Now stop for a second and ask yourself this question: Where is that human analyst adding real insight, real alpha potential?

    I'll cut to the chase. It's not their view that this earnings stream will trade at 20x earnings. In fact, they likely lose all their unique alpha potential in understanding the coming changes impacting that company right there. That lost alpha is not a data problem, but a process one.

    Here’s a brainstorm to get you thinking. What if you adjusted your investment process so that analysts do not even value companies? They would focus solely on the fundamentals. Wait, a process where equity analysts don't value....equity?

    Yes. Or, more intriguing, maybe they aren't even equity analysts (but that's another topic altogether).

    Some may push back, but consider the simple thesis above. It was based on a company trading at 20x an earnings stream of $2/share. Let’s say that just a one standard deviation change in the multiple, something quite possible, means there is not 20% upside, but -5% downside. And let's say that trading to that multiple has become not just possible, but probable, given the following:

    Macroeconomic variables are shifting investor sentiment to become more risk-off, causing likely multiple compression given the level of debt this company has on its balance sheet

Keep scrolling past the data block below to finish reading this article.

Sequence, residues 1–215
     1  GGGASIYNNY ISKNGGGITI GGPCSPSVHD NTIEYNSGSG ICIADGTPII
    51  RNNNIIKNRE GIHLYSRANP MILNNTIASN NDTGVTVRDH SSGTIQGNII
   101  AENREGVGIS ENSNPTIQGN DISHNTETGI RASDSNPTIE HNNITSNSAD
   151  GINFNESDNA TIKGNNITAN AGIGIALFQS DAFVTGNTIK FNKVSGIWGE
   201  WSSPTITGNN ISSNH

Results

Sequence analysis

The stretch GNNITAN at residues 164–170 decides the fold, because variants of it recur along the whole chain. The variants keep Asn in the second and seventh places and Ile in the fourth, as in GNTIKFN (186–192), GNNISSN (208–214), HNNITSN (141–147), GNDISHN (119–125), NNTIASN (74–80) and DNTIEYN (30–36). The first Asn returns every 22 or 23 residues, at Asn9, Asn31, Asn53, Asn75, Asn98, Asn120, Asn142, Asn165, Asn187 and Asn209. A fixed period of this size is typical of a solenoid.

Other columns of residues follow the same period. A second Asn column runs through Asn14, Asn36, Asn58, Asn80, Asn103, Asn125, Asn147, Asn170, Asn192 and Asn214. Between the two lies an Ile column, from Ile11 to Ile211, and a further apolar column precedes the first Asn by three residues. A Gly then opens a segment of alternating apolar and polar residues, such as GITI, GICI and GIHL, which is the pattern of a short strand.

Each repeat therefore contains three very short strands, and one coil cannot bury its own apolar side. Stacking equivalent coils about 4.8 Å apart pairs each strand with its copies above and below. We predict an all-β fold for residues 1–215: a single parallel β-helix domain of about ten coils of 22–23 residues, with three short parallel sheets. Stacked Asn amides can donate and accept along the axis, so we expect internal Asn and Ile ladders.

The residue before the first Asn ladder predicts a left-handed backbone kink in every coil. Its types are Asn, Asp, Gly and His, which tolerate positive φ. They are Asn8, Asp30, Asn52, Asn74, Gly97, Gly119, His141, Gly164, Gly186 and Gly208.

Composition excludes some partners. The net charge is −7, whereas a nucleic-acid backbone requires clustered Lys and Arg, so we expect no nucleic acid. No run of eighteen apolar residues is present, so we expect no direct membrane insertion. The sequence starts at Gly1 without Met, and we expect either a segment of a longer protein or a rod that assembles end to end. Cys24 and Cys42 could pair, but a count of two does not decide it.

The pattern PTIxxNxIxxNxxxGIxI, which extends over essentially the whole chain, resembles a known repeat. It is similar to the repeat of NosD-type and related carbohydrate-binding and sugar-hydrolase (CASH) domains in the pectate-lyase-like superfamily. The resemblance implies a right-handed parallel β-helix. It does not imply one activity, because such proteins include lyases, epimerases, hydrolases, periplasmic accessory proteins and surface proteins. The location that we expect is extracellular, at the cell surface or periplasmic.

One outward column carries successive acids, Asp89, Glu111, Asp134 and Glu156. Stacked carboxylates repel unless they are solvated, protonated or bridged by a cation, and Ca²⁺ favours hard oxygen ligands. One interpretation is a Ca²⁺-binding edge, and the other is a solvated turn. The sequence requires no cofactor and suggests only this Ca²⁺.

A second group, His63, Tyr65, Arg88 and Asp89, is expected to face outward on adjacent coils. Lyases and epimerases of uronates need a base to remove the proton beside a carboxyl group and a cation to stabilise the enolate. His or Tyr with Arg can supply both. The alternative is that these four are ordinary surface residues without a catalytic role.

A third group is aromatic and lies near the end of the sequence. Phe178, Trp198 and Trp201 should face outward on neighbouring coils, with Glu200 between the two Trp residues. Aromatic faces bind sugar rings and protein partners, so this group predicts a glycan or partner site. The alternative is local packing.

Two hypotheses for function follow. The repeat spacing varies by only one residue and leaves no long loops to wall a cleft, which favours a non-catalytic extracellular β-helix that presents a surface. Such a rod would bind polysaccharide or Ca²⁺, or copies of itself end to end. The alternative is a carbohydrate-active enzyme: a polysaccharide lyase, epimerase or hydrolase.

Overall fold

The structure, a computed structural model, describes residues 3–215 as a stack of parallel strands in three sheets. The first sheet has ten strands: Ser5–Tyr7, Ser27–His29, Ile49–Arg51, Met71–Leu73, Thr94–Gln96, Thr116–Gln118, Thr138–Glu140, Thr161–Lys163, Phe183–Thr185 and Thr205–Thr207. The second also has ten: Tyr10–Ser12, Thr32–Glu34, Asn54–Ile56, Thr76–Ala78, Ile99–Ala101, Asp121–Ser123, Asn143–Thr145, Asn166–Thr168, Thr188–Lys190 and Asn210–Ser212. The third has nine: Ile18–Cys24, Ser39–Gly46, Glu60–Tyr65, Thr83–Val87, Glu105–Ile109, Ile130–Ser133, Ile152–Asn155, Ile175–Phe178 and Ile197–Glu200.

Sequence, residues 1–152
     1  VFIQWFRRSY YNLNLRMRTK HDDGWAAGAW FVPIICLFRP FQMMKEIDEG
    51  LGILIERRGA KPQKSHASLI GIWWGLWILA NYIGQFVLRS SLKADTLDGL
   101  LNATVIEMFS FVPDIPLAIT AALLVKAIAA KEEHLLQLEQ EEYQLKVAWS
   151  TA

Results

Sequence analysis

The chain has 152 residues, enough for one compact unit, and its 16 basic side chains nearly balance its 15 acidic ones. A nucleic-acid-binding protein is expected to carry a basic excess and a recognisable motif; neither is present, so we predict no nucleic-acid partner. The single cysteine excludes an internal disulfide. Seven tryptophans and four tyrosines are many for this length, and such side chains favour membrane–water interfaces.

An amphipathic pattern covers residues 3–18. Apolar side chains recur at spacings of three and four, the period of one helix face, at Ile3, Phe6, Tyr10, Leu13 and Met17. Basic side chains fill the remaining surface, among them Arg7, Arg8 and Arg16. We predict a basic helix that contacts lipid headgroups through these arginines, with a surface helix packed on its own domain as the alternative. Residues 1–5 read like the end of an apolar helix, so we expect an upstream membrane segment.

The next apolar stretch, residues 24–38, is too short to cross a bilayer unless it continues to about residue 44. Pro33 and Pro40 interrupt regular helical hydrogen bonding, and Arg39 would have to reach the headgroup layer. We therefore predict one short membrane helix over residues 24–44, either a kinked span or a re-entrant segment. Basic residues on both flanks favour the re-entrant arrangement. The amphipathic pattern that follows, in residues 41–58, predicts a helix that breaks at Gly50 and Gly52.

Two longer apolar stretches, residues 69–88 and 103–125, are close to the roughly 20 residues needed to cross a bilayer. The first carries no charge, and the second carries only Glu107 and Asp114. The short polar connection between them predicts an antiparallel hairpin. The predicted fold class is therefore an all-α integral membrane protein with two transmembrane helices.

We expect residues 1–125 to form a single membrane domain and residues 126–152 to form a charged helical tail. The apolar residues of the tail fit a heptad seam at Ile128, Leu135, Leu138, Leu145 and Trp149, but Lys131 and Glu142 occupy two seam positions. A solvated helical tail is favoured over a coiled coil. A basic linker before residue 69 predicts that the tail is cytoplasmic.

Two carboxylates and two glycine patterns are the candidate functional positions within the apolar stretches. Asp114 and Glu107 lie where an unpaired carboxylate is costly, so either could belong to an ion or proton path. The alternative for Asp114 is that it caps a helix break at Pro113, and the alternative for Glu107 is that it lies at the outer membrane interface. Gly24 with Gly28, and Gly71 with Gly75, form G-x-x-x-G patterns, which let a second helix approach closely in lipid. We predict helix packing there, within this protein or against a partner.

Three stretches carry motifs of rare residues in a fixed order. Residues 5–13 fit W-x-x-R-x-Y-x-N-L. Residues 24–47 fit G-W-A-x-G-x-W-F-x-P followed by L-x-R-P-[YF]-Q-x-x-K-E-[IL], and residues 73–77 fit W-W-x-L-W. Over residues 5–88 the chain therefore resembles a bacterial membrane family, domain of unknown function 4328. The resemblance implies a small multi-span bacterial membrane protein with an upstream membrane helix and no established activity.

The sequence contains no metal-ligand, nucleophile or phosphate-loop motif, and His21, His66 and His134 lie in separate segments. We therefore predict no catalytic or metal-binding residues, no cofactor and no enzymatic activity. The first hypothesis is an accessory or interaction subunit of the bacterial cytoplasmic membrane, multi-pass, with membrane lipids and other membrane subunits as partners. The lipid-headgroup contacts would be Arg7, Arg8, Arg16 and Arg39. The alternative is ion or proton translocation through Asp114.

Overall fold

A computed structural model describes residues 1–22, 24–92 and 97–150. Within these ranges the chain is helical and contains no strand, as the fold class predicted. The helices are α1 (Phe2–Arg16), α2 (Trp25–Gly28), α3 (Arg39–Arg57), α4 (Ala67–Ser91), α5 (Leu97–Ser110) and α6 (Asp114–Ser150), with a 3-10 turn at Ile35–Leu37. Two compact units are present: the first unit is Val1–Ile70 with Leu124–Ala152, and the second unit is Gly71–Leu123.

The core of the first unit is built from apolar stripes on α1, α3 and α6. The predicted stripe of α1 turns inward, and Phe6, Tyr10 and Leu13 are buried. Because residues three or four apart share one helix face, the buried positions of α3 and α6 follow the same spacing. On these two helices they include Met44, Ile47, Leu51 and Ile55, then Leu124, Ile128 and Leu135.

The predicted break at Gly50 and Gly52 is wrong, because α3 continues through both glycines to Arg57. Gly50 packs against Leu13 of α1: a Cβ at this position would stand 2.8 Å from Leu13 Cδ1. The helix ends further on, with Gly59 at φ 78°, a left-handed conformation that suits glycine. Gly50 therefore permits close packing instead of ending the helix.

An unfavorable sector rotation is underway driving down multiples for all industrial stocks like this one

    Also, a style rotation against value stocks like this one is set to hurt the multiple

    ETF flows are changing for specific funds directly feeding into this company's stock

    Are you keeping track of all of this in real-time? There's a lot to analyze.

    Some may still yet push back, “but my discounted cash flow says the stock is worth $38/share” or “my view of intrinsic value is $40/share.” Now, let’s be honest here. You don't know what you'll have for lunch tomorrow, but you are going to tell us what cash flows will be in terminal year 2031?

    Fundamental investors may speak confidently on valuation but, in reality, they have no clue. And that's just one way quantitative investors have beat them. Quantitative investors often see the probabilities of valuation more clearly, in real-time, and adjust accordingly. Maybe analysts solely focused on fundamentals, and not valuation, is not such a crazy idea after all.

    Who Wins from Here?

    While quantitative investors have done well in recent years, there are signs of struggle there as well. Many are, after all, poring over the same data with similar techniques. And, just as fundamental investors are integrating quantitative investing methods, the “quants” will evolve as well. Given we all know that “past performance is no guarantee of future results,” this begs a question: who wins from here?

    Will fundamental investors adjust their process to successfully integrate new forms of alternative data and maybe give up some control where machines are better suited (e.g., valuation)?

    or...

    Will quantitative investors figure out how to use fundamental analysts to improve their models (e.g., identify false signals) and adjust their process to creatively monetize unique human insights for specific industries and companies?

    These questions are not comprehensive and successful approaches will vary by firm. However, the common thread for those that outperform will be a focus on process, not just data.